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Re: Transformer Shunts

Original poster: BunnyKiller <bunikllr@xxxxxxx>

Hey Paul...

transformer shunts are small rectangular leaves of the same material the core is made from and they are positioned normally on each side of the primary coil of the transformer. The shunts allow the magnetic field flux produced by the primary coil ( of the trannie) to by-pass the secondary coils a bit. In effect, the shunts are magnetic flux pressure relief valves or by-pass valves :)
by adding more shunt leaves, you reduce the flux thru the secondary coils thus producing less current produced by the secondary coils. If you remove the shunts, the output of the trannie can increase the output current..

for example... a NST rated at 12KV 30mA with shunts can be modified by removing some or all shunts to run at 12KV 50mA.. BUT this also increases the input current ( power in = power out + losses) and the primary wiring may not be rated for that current thus a hot primary.... also, with the shunts removed, the transformer may saturate ( too much flux field in the core ) resulting in poor performance and excessive current draw.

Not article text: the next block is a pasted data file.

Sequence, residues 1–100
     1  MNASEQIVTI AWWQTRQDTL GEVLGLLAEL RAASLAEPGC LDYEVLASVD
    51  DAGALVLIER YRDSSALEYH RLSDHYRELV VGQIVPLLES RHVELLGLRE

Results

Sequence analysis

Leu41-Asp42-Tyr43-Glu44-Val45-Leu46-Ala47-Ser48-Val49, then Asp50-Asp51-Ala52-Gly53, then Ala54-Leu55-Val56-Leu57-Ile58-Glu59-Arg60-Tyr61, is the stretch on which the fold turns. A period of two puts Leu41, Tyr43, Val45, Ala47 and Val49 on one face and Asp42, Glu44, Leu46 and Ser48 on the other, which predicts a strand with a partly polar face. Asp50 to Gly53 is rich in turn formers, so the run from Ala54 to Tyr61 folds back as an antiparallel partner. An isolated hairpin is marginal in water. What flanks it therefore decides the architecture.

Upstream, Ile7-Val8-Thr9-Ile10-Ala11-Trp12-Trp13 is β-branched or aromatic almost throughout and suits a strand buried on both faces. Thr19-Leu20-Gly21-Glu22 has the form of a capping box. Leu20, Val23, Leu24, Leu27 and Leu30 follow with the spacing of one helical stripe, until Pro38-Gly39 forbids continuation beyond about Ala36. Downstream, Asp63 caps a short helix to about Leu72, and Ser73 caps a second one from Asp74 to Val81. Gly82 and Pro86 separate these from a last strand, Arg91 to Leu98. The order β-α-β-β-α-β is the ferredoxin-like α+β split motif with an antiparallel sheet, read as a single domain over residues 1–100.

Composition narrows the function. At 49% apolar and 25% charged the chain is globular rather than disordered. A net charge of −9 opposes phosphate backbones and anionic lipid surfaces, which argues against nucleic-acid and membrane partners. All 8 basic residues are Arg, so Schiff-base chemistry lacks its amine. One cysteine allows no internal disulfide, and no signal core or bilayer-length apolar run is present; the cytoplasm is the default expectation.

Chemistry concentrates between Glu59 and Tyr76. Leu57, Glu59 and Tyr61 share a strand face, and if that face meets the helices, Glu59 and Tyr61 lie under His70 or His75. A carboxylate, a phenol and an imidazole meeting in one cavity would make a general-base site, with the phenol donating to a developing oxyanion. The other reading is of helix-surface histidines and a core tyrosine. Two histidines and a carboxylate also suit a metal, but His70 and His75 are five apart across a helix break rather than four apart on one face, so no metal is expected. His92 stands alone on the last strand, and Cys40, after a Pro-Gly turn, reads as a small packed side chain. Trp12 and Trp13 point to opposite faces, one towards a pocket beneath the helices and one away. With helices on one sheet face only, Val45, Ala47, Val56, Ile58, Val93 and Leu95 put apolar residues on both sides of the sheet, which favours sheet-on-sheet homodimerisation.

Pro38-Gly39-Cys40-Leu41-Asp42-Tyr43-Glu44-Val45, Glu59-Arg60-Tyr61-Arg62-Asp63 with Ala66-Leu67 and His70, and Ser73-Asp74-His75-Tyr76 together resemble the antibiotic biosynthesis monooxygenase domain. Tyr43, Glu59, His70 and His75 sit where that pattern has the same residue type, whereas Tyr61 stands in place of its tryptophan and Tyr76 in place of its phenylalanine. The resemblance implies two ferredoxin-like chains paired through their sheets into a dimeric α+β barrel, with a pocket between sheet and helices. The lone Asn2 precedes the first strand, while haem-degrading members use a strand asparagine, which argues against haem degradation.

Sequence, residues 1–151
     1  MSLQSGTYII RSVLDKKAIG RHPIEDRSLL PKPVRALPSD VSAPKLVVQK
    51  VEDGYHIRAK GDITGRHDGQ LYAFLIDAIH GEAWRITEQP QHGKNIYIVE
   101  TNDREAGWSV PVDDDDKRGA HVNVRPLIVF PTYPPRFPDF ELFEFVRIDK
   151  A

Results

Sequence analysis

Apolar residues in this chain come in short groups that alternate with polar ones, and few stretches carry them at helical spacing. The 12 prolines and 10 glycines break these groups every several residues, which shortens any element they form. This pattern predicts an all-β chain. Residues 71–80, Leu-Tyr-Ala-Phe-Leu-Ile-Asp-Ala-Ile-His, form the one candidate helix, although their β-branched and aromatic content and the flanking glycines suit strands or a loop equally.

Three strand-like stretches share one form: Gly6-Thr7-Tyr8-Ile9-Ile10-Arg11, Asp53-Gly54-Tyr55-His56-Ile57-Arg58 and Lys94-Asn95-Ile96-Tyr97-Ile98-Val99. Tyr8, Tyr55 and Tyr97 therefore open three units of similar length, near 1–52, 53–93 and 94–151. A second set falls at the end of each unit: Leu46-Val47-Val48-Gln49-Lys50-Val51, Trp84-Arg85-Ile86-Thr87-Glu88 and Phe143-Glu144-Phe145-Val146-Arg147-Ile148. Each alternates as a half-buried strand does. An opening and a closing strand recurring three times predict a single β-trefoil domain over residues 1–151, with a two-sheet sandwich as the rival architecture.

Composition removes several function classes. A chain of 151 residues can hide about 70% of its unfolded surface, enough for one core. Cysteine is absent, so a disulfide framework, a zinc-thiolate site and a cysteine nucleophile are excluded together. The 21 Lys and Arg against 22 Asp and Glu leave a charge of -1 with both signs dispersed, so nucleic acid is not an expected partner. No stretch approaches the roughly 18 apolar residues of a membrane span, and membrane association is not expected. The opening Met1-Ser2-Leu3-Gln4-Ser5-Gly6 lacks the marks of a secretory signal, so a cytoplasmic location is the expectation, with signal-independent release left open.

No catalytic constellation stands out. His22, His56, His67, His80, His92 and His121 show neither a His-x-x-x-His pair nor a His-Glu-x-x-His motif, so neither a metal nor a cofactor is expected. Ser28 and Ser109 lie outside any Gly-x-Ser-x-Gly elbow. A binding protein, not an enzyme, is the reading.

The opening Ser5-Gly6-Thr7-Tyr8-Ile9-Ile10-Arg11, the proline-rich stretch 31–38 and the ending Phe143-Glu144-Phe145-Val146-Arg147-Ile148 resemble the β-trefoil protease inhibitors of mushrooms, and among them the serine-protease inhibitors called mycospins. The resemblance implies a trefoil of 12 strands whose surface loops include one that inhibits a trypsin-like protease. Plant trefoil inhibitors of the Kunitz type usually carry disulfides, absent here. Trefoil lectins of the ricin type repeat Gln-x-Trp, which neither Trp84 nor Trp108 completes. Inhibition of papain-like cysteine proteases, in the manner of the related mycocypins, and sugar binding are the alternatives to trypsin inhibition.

the final item of shunts are they are used to allow a trannie to be run in a direct short situation without blowing things up... thats why NST's make good Jacob ladders.

hoped this helped

Scot D

Tesla list wrote:

Original poster: "Paul B. Brodie" <pbbrodie@xxxxxxxxxxxxx>

What exactly are transformer shunts and how do they function?
Paul Brodie